They give out prizes for a politician’s promise now?
Well it’s not a joke but the award to the US President is easily the most controversial laureate in living memory. Remember some of the others who have won this: Nelson Mandela and F.W. de Clerk for ending apartheid; Mikhail Gorbachev for bringing an end to the Cold War; John Hume and David Trimble for helping bring peace to Northern Ireland.
Oh, and there’s also Mother Theresa and the Dalai Lama.
Many commentators have been quick to ridicule the decision. “Rarely has an award had such an obvious political and partisan intent,” wrote Michael Binyon in The Times, adding the award “risks looking preposterous in its claims, patronising in its intentions and demeaning in its attempt to build up a man who has barely begun his period in office, let alone achieved any tangible outcome for peace.”
Some would argue that the rot started two years ago when the peace prize went to Al Gore and the Intergovernmental Panel on Climate Change. But regardless of your views on climate change, at least Gore and the IPCC had behind them the very clear achievement behind them of helping elevate climate change to the top of the global political agenda.
John Hume shared the prize with David Trimble in 1998 after they had dragged the Catholic and Protestant communities, complete with their extremist wings, to the negotiating table to conclude a deal on Good Friday of that year which restored self-government to Northern Ireland. Hume had started the process in earnest, risking his life by meeting with Gerry Adams of Sinn Fein to try and talk him and, by proxy, the IRA - into ending a bloody campaign of terrorist resistance to British rule in the province. Hume is an unassuming, poorly-presented, hard-working politician who, through his talks with Adams, laid the groundwork for ending a conflict that killed more than 3000 people.
And Trimble, then the leader of the Ulster Unionist Party, clung to his leadership by his fingernails through the process amid dissent from his party membership. There was bravery from both the Irish and British governments in the peace process but it was Hume and Trimble who led from the trenches and ended the cycle of ongoing violence in Northern Ireland.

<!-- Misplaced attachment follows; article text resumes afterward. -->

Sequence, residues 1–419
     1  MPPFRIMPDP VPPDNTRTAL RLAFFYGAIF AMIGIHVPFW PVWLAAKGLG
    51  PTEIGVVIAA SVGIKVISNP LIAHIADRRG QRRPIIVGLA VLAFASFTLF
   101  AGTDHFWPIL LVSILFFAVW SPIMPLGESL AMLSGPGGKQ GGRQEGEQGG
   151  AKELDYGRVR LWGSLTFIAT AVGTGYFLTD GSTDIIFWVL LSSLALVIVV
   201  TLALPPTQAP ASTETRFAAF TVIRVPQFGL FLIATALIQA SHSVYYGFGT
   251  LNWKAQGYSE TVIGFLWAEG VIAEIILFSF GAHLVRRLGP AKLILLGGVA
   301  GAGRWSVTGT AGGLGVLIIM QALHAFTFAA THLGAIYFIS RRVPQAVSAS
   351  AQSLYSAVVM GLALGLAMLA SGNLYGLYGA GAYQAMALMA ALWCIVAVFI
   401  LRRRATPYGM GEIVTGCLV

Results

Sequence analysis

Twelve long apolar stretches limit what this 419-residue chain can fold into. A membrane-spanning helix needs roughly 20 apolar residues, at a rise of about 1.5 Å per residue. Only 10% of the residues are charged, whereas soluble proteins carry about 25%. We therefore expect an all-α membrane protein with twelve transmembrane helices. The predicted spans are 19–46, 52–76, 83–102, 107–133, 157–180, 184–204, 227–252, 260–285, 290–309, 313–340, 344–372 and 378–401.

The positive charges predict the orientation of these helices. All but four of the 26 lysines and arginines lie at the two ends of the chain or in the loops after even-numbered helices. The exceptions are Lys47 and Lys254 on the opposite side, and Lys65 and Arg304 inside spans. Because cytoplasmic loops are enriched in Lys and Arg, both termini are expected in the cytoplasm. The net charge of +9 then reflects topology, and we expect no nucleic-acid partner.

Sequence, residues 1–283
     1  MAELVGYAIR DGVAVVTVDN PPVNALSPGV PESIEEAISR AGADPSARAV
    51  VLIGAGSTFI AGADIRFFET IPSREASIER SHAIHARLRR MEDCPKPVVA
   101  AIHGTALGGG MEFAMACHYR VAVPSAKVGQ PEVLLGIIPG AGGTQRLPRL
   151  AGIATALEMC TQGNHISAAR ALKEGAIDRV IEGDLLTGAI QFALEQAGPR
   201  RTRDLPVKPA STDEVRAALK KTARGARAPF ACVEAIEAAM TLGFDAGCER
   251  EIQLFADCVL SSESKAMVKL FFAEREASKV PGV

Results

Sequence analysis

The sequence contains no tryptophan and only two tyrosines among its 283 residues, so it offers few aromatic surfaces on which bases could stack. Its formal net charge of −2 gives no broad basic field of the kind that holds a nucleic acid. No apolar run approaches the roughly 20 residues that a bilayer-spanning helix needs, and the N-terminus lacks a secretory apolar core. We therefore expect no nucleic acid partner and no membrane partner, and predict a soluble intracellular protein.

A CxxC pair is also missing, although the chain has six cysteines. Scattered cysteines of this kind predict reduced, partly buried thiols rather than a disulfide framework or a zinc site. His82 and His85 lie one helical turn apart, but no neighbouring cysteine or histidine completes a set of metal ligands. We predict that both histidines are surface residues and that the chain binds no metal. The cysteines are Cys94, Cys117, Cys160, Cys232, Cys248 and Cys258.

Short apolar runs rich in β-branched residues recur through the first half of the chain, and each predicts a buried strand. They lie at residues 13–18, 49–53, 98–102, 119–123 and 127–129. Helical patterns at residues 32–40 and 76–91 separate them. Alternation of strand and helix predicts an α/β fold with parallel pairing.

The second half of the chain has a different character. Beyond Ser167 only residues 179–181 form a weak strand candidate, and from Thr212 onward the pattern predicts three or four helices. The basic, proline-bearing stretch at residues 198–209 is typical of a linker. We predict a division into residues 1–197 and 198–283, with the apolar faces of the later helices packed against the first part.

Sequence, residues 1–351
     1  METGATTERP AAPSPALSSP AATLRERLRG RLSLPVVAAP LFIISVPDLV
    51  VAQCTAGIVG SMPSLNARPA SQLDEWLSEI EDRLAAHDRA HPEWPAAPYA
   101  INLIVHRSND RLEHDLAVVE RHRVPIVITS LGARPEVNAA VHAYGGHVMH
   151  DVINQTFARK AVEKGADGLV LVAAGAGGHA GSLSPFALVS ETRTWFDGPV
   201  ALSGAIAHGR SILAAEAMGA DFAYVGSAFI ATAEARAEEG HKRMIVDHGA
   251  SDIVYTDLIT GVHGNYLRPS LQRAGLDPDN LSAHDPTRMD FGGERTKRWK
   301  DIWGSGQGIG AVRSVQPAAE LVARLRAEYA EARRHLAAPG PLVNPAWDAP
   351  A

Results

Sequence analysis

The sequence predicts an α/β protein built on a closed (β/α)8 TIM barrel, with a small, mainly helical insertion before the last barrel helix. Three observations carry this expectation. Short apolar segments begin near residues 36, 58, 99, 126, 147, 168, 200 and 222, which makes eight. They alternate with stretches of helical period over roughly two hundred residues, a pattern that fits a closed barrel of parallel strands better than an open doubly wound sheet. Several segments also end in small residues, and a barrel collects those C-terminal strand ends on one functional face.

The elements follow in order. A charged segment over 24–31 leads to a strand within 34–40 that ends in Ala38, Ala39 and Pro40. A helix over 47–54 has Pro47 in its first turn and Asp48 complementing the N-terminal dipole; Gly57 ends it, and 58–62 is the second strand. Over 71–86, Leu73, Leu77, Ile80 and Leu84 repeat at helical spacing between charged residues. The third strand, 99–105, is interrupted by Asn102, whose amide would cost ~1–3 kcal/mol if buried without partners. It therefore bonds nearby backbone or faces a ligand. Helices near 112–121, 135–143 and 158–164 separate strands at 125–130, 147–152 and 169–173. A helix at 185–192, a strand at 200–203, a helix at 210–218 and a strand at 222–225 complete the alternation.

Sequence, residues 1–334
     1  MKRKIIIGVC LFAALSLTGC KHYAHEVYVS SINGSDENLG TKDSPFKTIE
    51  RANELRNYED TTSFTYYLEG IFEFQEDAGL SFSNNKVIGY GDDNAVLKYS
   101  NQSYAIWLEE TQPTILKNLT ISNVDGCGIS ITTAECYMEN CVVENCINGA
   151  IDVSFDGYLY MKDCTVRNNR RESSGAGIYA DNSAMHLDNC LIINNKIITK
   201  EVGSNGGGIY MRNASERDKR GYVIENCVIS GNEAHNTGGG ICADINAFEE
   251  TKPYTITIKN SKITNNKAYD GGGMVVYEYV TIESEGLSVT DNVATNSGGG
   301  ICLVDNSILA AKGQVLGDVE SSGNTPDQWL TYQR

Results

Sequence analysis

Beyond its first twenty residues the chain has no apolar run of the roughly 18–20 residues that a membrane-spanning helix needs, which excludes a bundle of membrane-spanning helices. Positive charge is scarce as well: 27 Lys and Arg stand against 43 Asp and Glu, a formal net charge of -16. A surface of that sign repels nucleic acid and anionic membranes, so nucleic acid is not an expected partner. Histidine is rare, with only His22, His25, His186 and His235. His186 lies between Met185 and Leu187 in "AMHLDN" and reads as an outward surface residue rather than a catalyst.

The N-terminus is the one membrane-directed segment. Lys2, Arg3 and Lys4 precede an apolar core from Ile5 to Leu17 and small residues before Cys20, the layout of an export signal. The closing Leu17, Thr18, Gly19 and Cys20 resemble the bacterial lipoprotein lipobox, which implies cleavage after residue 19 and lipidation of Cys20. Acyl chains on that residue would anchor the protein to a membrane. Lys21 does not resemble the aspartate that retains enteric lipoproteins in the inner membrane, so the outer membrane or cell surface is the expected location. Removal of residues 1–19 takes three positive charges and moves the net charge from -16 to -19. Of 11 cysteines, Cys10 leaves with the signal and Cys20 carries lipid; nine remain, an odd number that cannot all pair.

Obama hasn’t even been in office a year and hasn’t achieved anything like their achievements. Or Gorbachev’s. Or de Clerk’s or Mandela’s.
US film maker Michael Moore, hardly known for his sympathies with enemies of Obama, has written an open letter to the US President following the awarding of the prize. “The irony that you have been awarded this prize on the 2nd day of the ninth year of our War in Afghanistan is not lost on anyone,” writes Moore. (Actually, that one point had eluded me, mate, but that’s by the bye.) He recounts some of Obama’s achievements:
you admitted to the Iranians that we overthrew their democratically-elected president in 1953, you made that great speech to the Islamic world in Cairo, you’ve eliminated that useless term “The War on Terror,” you’ve put an end to torture—these have all made us and the rest of the world feel a bit more safe considering the disaster of the past eight years.
And he adds this as a postscript:
... the very fact that you’ve offered to walk into the minefield of hate and try to undo the irreparable damage the last president did is not only appreciated by me and millions of others, it is also an act of true bravery. That’s why you got the prize. The whole world is depending on the U.S.—and you—to literally save this planet. Let’s not let them down.
Obama says he doesn’t feel he deserves “to be in the company of so many of the transformative figures who’ve been honoured by this prize”, but adds “I also know that throughout history the Nobel Peace Prize has not just been used to honour specific achievement; it’s also been used as a means to give momentum to a set of causes”.
The US President is without question a brilliant mind, a great speaker, and has a gift for influencing people. He has reshaped world opinion of America and his mere presence in the Oval Office means the world can look to Washington for leadership on tackling global problems.
Yet he is now facing a massive challenge in Afghanistan, where US forces are suffering increasingly heavy losses and losing control of increasingly large areas. The Taliban insurgency is gaining momentum there. Obama may have to make decisions there that might seem incompatible with a prize that recognises peace. Obama may even have to escalate the conflict to win it.
This is a prize awarded for promise, not deeds. Politicians are not known for delivering on promises. Obama may be an unusual class of politician, but he has a long way to go before he really breaks that old mould.
Read all about it
Up to the minute Twitter chatter
The latest and greatest
Good morning Punchers. After four years of excellent fun and great conversation, this is the final post…
I have had some close calls, one that involved what looked to me like an AK47 pointed my way, followed…
In a world in which there are still people who subscribe to the vile notion that certain victims of sexual…